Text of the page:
Friday, July 9, 2010

LANDS Week 5

Hello readers! In LANDS’ 4th week in the field, and 2nd week calling the Mt. Tabor Workhouse in Danby, VT our home, we continued surveying soils in recently harvested sales. Our work took us to the South Road, Cone Brook West, Snow Valley, and Middlebury sales.

On the way south from Burlington our LANDS crew stopped at the Dutton Brook Sale in Middlebury, VT. In the small town of Goshen, VT Jon and Toral spotted a black bear and her three cubs crossing a skid road in the early afternoon; only the first bear sighting of the week! The Dutton Brook sale was one of the more disturbed areas we have visited thus far. Plentiful wetlands made surveying difficult as well.

Above: Deanna checks for compaction

Tuesday took the LANDS crew to the Cone Brook West sale. Reed and Lydia stayed back at the Workhouse to begin the piecing together the soils report for the Green Mountain National Forest. The landing at the Cone Brook West sale was huge and had very disturbed soils. Mapping and assessment of the skid roads was initiated, and survey work was continued on Wednesday.

Above: Zac joined the LANDS crew for the second week of soil surveys. Lucy shows him the ropes.

On Wednesday the crew took on the South Road and Snow Valley sales. Jessie and Deanna were surveying at Snow Valley when they encountered two mature black bears and a white tailed deer. Luckily the bears headed for the hills and the girls changed their transect path to avoid disturbing the bears’. In the end it was a very successful day for the crew, and marked our last soil surveys in the field. One lucky group finished the day hiking in to a beautiful undisturbed area on the Appalachian Trail.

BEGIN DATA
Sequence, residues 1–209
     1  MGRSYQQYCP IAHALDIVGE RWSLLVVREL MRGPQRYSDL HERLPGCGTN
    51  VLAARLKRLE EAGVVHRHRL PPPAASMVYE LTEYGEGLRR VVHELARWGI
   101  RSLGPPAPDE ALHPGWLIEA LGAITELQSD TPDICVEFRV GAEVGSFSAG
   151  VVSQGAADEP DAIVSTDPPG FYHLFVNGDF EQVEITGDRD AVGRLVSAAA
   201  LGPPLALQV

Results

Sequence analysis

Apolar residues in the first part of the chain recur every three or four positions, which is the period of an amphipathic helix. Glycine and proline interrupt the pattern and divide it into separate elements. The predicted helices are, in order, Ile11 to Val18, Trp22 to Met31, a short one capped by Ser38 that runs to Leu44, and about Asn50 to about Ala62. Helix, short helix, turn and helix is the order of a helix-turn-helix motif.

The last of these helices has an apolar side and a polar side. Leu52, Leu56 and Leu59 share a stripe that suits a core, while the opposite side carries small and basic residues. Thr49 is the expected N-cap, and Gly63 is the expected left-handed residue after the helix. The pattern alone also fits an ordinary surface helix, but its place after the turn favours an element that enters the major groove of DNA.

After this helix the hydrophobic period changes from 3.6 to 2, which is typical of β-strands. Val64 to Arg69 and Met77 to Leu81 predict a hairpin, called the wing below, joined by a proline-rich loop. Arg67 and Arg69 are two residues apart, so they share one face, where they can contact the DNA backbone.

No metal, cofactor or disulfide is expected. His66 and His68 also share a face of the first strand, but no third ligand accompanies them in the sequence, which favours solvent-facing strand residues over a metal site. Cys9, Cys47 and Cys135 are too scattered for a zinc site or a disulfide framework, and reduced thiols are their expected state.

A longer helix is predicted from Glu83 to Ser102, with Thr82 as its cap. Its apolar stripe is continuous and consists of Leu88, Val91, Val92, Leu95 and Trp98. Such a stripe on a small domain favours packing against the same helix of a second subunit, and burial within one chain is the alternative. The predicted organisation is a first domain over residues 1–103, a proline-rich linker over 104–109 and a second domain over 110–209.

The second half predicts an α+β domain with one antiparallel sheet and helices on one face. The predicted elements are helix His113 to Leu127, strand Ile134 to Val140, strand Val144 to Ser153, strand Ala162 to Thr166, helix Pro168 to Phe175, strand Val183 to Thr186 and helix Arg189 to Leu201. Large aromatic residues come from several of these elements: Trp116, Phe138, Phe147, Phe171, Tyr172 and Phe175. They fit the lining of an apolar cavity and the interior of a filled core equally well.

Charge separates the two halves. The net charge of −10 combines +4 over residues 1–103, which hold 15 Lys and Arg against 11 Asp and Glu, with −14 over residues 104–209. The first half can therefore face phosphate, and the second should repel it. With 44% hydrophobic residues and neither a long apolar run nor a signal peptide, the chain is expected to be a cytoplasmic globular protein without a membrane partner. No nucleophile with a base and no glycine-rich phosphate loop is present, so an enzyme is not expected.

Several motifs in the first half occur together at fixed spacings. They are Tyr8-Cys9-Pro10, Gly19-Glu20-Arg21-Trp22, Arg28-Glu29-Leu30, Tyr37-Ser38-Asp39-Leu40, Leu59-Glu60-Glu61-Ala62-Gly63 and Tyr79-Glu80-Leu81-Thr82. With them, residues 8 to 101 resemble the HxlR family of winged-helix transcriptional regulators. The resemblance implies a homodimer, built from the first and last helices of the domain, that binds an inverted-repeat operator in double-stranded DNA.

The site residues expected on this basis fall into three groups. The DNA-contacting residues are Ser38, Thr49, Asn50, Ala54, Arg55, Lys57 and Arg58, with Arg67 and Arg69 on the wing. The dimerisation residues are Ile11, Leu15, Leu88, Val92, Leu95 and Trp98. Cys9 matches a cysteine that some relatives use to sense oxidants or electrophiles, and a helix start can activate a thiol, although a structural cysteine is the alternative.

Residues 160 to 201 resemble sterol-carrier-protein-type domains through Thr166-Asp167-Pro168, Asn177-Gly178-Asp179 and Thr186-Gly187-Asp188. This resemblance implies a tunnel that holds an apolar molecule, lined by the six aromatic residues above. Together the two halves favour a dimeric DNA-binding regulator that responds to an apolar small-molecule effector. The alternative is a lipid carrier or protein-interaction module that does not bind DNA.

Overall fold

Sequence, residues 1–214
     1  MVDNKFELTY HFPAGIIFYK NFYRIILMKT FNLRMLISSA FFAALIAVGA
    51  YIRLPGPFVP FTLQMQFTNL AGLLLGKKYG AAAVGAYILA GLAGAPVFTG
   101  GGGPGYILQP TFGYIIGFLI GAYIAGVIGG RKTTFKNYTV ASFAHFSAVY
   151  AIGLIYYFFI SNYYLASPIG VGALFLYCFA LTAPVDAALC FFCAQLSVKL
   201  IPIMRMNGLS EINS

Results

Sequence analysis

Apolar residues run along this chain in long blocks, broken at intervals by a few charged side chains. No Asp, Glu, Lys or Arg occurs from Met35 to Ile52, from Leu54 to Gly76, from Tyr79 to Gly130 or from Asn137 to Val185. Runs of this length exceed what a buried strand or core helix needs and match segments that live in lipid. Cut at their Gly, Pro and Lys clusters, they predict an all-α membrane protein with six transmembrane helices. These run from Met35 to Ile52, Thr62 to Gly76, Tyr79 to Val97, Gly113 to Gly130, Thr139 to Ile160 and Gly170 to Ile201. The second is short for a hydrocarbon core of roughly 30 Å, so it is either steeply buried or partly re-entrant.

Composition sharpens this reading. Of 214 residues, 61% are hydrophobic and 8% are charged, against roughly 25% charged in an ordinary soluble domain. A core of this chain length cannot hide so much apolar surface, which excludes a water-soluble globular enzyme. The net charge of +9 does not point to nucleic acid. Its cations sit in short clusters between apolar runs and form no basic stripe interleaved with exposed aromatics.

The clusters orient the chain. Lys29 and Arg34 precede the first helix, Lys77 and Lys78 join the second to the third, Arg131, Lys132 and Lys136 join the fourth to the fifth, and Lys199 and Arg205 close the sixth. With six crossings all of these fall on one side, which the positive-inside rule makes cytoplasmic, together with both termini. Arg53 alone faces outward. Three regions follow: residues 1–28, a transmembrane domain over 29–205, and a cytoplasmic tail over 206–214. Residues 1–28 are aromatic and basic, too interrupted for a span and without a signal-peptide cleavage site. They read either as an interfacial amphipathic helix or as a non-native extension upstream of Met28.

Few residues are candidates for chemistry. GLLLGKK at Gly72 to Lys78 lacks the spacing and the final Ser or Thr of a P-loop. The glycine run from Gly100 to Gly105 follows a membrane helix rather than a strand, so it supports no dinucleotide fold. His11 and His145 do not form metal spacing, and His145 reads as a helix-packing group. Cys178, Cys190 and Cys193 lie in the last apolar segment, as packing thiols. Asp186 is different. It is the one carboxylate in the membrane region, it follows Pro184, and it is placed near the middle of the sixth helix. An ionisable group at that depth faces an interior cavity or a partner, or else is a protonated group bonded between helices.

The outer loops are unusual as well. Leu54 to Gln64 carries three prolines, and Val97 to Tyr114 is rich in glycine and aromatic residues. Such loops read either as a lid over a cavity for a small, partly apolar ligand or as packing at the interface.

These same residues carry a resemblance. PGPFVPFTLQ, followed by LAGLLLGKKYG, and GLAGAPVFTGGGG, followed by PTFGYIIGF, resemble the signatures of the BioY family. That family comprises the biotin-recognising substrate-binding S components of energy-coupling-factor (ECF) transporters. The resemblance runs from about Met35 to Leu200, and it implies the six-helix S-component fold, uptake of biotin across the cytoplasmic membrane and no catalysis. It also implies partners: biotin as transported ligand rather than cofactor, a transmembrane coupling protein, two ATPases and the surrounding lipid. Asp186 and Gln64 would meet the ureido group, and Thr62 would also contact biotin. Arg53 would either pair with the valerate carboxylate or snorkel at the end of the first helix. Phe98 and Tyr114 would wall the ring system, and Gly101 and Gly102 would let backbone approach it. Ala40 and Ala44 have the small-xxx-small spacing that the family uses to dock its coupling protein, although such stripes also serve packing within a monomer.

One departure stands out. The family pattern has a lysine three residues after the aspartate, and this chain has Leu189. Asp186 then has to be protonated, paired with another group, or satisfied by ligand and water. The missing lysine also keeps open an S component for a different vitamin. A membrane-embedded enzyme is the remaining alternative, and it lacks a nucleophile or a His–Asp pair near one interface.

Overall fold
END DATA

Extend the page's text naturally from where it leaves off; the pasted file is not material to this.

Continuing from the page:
Above: Zac and Sam demonstrate some of Sam's "flying yoga," used to refresh minds during long days in the field.

In order to get a jump on the report for the GMNF, the entire crew remained indoors at the Workhouse to start rough drafts of each section. Nancy, Mary Beth, and Melissa provided a delicious lunch for LANDS, followed by an enlightening presentation on the bigger picture of our work in the GMNF. It was rewarding to hear how our work the past two weeks will be utilized in the coming years. Now that the report is started, we will be taking a break from soil work to finish up our non-native invasive species surveys around the state. Thank you to all our dedicated readers!

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